There's only one chance to make a first impression. So will the online health insurance exchanges, the tent pole to President Barack Obama's 2010 Affordable Care Act, work as advertised as they go live this morning?
Or will the various glitches, bugs and delays that have plagued the construction of the exchanges -- one of the largest information technology projects in modern times -- doom the launch?
"I think it's understandable [that with] something this big and complex, there may be some glitches to work through," said Bill England, state director for Enroll America, the Obama-aligned nonprofit whose goal is to persuade the uninsured to sign up for health coverage, as now required by federal law.
Residents turn out for Obamacare enrollment
The Hill House held an open enrollment event for residents interested in signing up for health insurance through the new Affordable Care Act. (Video by Andrew Rush; 10/1/2013)
Those potential glitches are "part of our messaging," Mr. England said Monday. "It begins on Oct. 1, and we reassure people that they have six months" to sign up for a plan.
"This is just the starting line. This is not the race."
For all the buildup to today's launch, Oct. 1 doesn't mark any sort of consumer deadline. Really, it's a curtain-raiser to what is essentially a six-month open enrollment period. The uninsured can spend the next six months shopping for plans online and calculating potential subsidies before pulling the trigger; those hoping for coverage by Jan. 1 must buy a policy by Dec. 15.
Still, many -- perhaps millions -- will test-drive the sites today, even if they don't buy a policy immediately. At that point, glitches could surface, along with the delays that have already been acknowledged:
• Several of the state-operated exchanges, including in Oregon, Colorado and the District of Columbia, have already said certain enrollment functions won't be ready for a few more weeks.
• The Web function that was supposed to allow small business to shop for and buy insurance for employees will have to wait until November to complete the sign-up process. That could affect 2 million potential enrollees.
• The Spanish-language side of the federally operated exchanges isn't ready either, according to The Associated Press. An estimated 10 million Latinos -- 4 million of whom speak Spanish exclusively or primarily -- are expected to be eligible for subsidized policies or Medicaid policies under the Affordable Care Act.
• The federal exchange site (healthcare.gov) is supposed to evaluate income and family size to determine if applicants are eligible for Medicaid coverage, rather than a private policy purchased through the exchanges. At that point, the exchange is supposed to transfer applications to a state's welfare department. But that functionality won't be available until November.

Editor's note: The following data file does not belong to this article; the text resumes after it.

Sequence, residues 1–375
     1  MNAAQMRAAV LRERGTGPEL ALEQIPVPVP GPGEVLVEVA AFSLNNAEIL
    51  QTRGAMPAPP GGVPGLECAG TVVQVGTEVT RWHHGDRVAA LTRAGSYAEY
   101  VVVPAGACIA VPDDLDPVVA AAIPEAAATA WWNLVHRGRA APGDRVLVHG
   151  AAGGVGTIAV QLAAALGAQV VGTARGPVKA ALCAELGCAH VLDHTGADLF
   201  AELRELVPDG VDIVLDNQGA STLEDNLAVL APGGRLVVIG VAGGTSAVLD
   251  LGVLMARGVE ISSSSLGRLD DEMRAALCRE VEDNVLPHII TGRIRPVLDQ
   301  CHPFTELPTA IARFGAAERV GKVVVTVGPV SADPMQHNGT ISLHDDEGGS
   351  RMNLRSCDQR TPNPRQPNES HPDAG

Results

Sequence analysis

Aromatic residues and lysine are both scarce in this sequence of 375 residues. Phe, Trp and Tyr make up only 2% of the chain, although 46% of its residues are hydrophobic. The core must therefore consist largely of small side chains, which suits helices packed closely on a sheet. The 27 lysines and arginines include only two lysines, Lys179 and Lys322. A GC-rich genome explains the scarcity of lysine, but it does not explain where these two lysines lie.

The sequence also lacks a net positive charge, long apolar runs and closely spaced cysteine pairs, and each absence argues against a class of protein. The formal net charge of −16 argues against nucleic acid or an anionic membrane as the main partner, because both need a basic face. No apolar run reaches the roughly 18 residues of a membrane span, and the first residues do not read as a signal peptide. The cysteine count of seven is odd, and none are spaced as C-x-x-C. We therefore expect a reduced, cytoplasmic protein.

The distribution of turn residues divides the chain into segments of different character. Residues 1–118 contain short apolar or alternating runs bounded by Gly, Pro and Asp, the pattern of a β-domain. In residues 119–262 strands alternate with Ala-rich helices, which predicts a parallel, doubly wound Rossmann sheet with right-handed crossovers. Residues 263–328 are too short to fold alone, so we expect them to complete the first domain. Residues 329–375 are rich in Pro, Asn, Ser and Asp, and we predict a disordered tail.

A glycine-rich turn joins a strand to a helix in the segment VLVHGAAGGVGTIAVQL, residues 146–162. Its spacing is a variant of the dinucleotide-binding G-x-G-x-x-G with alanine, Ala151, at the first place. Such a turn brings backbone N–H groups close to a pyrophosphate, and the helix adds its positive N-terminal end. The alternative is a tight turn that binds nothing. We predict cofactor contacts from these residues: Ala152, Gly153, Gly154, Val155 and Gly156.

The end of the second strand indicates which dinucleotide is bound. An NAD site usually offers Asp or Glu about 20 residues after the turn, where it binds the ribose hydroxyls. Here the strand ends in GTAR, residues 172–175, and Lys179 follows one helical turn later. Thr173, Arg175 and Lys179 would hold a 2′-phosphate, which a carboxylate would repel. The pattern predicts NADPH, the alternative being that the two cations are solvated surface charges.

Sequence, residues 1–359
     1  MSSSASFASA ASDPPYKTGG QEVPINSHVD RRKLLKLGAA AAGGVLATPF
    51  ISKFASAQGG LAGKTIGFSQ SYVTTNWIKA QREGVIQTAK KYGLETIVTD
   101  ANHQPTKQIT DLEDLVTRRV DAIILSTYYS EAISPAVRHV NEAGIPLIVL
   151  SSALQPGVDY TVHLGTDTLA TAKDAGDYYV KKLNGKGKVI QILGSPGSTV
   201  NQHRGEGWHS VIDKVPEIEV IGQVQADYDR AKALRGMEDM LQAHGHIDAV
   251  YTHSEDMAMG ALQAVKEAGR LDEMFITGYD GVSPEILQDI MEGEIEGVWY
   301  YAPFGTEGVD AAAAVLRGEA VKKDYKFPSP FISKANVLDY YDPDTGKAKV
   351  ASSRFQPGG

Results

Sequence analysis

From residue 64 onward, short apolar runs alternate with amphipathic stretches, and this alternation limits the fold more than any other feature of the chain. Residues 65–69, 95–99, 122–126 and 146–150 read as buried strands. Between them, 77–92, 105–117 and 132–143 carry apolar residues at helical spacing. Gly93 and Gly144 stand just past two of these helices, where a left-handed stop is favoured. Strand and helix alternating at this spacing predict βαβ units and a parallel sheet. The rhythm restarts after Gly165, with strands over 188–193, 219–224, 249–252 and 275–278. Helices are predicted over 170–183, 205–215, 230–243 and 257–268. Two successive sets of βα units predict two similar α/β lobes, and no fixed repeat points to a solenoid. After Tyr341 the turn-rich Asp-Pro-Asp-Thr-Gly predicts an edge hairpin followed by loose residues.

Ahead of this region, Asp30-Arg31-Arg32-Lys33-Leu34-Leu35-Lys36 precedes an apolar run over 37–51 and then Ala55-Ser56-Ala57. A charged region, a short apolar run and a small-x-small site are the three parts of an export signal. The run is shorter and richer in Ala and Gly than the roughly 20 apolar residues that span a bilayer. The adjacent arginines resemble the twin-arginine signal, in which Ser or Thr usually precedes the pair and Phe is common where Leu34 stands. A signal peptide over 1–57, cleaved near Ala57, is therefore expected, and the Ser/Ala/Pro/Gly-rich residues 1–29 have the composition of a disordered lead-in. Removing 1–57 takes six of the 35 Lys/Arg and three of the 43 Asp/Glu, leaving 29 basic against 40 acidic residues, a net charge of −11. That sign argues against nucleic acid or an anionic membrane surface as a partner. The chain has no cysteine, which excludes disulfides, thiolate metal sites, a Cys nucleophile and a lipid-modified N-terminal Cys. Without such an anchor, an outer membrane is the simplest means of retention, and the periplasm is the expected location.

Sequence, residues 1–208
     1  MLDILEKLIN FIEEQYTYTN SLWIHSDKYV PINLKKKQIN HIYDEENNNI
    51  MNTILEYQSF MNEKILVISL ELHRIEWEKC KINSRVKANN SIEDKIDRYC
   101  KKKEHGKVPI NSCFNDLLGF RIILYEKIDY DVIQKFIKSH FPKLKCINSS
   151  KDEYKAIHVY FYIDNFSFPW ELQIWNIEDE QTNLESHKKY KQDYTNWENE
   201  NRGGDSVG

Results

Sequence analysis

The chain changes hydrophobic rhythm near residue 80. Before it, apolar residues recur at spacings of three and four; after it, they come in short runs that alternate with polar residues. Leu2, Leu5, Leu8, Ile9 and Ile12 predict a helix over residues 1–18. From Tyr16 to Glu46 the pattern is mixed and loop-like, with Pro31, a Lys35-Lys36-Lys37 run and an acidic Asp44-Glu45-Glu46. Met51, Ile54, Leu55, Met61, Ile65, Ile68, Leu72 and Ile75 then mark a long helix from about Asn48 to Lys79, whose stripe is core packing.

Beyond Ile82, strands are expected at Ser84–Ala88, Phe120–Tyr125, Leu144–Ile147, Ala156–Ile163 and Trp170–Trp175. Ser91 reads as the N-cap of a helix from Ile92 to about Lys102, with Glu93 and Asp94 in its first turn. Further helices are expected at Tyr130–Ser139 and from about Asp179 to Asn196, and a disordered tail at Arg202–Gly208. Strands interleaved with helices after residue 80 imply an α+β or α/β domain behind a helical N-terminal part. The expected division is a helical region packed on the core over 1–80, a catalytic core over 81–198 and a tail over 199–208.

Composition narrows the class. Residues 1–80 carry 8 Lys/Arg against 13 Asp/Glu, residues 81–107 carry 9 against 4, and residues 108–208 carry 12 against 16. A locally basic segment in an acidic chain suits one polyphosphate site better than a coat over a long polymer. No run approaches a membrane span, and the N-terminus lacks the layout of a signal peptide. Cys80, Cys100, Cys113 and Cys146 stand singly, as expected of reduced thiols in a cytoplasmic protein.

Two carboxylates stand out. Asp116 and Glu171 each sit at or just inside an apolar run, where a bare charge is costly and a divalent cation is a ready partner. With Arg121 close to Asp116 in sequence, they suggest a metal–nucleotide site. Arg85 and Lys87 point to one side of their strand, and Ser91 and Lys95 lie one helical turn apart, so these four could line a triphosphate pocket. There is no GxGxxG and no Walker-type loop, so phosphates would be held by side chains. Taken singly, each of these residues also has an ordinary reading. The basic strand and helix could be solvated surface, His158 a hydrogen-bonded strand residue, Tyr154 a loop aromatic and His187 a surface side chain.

• Lastly, the software meant to determine whether shoppers get any tax subsidy wasn't returning accurate results, according to The Wall Street Journal.
The U.S. Department of Health and Human Services is overseeing all or part of the exchanges in 36 states, including Pennsylvania, which declined to build and operate its own exchange. The rest of the states have built their own websites.
Day one issues might be more than just a cosmetic issue for the Obama administration. Republicans, particularly those in the House, are rooting for the failure of the online exchanges in hopes that an early flop will give them ammunition in their attempt to delay, defund or otherwise derail the landmark health care law, whose key provision -- an "individual mandate" requiring most Americans to obtain health insurance or face a fine -- was upheld as constitutional by the U.S. Supreme Court last year.
But Mr. Obama's allies continued to sell the exchanges Monday and over the weekend. In an opinion piece that ran in several newspapers, Vice President Joe Biden criticized House Republicans who "are going to demonize [health care reform], run against it, do what they can to sabotage it," risking default or a government shutdown in opposition to the Affordable Care Act.
And HHS officials are urging patience and reminding potential shoppers that if the Web experience is unsatisfactory, they also can sign up by phone toll-free at 1-800-318-2596, or with an insurance agent.
The federal government says its phone centers will be heavily staffed and, on the Web side, "armies of information technology specialists tested and re-tested the complex interfaces and communication links needed to make the exchanges functional" over the weekend, according to Reuters news service.
The government and most analysts expect that the website and phone lines will be most heavily trafficked in November and December, after consumers have had a few months to comparison shop. About 7 million people are expected to obtain policies through the exchanges, while 8 million more could receive coverage through an enlarged Medicaid program.nation - electionspresident - health - interact
Bill Toland: firstname.lastname@example.org or 412-263-2625. First Published October 1, 2013 4:00 AM